Tyrosinase enzymatic activities were recorded following described assays [41, 46, 47]. In brief, for tyrosine hydroxylase activity, 6 × 106 cells from ~day 70 of culture were collected and cell extracts were prepared in 10 mM Sodium Phosphate buffer pH = 6.8 to which Tween-20 (Igepal) was added (1% final concentration) prior the assay. Reaction volume included 10 μl of L-DOPA 250 mM, 10 μl of L-[3,5-3H]-Tyrosine mix (450 μl of L-Tyrosine 262 μM in 10 mM Sodium Phosphate buffer pH = 6.8 and 50 μl L-[3,5-3H]-Tyrosine [1 mCi/ml, 46 Ci/mmol, Amersham]), 20 μl of Sodium Phosphate buffer pH = 6.8 and 10 μl of cell extracts, was incubated for 1 hour at 37°C, and stopped by adding 450 μl trichloracetic acid (TCA) 1% (Merck, Darmstadt, Germany). A small amount of absorbing substrate (active carbon [Merck] and Celite 545 [Fluka, St. Gallen, Switzerland], 1:1) was added, mixed for 30 min at room temperature and centrifuged. Radioactivity from clear supernatants (100 μl) was measured in a β-scintillation counter (Beckmann, Fullerton, CA, USA).
Bonifer C: Developmental regulation of eukaryotic gene loci: which cis-regulatory information is required?. Trends Genet. 2000, 16: 310-315. 10.1016/S0168-9525(00)02029-1.
Giraldo P, Montoliu L: Size matters: use of YACs, BACs and PACs in transgenic animals. Transgenic Res. 2001, 10: 83-103. 10.1023/A:1008918913249.
Montoliu L: Gene transfer strategies in animal transgenesis. Cloning Stem Cells. 2002, 4: 39-46. 10.1089/153623002753632039.
Regales L, Giraldo P, Garcia-Diaz A, Lavado A, Montoliu L: Identification and functional validation of a 5' upstream regulatory sequence in the human tyrosinase gene homologous to the locus control region of the mouse tyrosinase gene. Pigment Cell Res. 2003, 16: 685-692. 10.1046/j.1600-0749.2003.00100.x.
Beermann F, Schmid E, Schutz G: Expression of the mouse tyrosinase gene during embryonic development: recapitulation of the temporal regulation in transgenic mice. Proc Natl Acad Sci U S A. 1992, 89: 2809-2813.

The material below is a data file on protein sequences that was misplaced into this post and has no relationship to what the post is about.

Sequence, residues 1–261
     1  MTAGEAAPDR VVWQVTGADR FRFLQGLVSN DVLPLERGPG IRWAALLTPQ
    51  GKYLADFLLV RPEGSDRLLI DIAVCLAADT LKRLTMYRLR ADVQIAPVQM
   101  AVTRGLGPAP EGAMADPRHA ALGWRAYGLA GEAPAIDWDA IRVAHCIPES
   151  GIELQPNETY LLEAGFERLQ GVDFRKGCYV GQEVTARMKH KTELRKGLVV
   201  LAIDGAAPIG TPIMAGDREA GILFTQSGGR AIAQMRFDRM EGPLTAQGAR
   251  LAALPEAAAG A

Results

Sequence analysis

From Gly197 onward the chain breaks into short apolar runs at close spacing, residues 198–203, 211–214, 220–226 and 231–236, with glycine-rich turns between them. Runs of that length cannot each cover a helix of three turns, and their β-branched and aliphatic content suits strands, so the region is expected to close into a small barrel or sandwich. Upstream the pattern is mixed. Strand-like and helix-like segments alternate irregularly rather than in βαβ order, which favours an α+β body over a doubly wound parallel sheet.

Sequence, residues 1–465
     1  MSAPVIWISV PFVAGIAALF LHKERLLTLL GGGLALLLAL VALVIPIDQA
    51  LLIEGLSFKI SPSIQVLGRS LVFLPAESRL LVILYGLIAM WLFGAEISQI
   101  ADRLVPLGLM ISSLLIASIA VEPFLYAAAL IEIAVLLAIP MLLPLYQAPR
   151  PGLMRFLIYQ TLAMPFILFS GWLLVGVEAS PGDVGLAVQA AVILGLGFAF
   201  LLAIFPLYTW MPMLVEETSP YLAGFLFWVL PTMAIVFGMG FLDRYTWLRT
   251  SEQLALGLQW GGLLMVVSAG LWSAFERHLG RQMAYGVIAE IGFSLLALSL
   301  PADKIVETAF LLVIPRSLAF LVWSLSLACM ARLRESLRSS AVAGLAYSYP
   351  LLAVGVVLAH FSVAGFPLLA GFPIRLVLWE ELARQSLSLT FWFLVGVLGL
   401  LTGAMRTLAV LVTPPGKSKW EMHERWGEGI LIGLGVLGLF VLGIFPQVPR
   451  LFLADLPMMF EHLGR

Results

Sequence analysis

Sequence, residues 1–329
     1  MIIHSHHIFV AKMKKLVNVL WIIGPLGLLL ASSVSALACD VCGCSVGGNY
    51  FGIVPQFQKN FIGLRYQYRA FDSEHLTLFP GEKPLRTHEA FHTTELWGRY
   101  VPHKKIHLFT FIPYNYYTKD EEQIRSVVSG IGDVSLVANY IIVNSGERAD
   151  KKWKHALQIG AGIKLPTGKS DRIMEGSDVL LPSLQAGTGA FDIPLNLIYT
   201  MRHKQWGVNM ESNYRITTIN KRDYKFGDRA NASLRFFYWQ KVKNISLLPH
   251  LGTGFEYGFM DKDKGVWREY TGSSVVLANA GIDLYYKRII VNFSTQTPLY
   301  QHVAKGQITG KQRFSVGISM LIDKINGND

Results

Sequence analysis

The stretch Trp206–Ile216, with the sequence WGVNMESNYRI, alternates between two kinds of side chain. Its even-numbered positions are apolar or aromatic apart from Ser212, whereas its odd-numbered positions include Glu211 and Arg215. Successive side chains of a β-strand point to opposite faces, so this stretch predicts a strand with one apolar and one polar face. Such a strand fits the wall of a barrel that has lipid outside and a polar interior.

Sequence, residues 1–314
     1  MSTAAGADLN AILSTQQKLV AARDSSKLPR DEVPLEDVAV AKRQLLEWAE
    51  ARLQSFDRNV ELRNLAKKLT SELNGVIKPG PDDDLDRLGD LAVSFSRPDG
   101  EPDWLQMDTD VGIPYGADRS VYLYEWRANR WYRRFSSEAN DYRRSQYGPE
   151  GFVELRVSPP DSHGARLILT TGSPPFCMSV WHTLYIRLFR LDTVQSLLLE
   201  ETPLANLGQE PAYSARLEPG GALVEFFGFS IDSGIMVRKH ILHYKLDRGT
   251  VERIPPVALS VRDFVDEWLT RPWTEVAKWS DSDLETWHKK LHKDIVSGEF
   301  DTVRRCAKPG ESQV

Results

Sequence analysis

Gimenez E, Lavado A, Giraldo P, Montoliu L: Tyrosinase expression is not detected in mouse brain outside the retinal pigment epithelium cells. European J of Neurosc. 2003, 18: 2673-2676. 10.1046/j.1460-9568.2003.02992.x.
Beermann F, Ruppert S, Hummler E, Bosch FX, Muller G, Ruther U, Schutz G: Rescue of the albino phenotype by introduction of a functional tyrosinase gene into mice. EMBO J. 1990, 9: 2819-2826.
Schedl A, Beermann F, Thies E, Montoliu L, Kelsey G, Schutz G: Transgenic mice generated by pronuclear injection of a yeast artificial chromosome. Nucleic Acids Res. 1992, 20: 3073-3077.
Schedl A, Montoliu L, Kelsey G, Schutz G: A yeast artificial chromosome covering the tyrosinase gene confers copy number-dependent expression in transgenic mice. Nature. 1993, 362: 258-261. 10.1038/362258a0.
Giraldo P, Montoliu L: Artificial chromosome transgenesis in pigmentary research. Pigment Cell Res. 2002, 15: 258-264. 10.1034/j.1600-0749.2002.02030.x.
Porter S, Larue L, Mintz B: Mosaicism of tyrosinase-locus transcription and chromatin structure in dark vs. light melanocyte clones of homozygous chinchilla-mottled mice. Dev Genet. 1991, 12: 393-402. 10.1002/dvg.1020120604.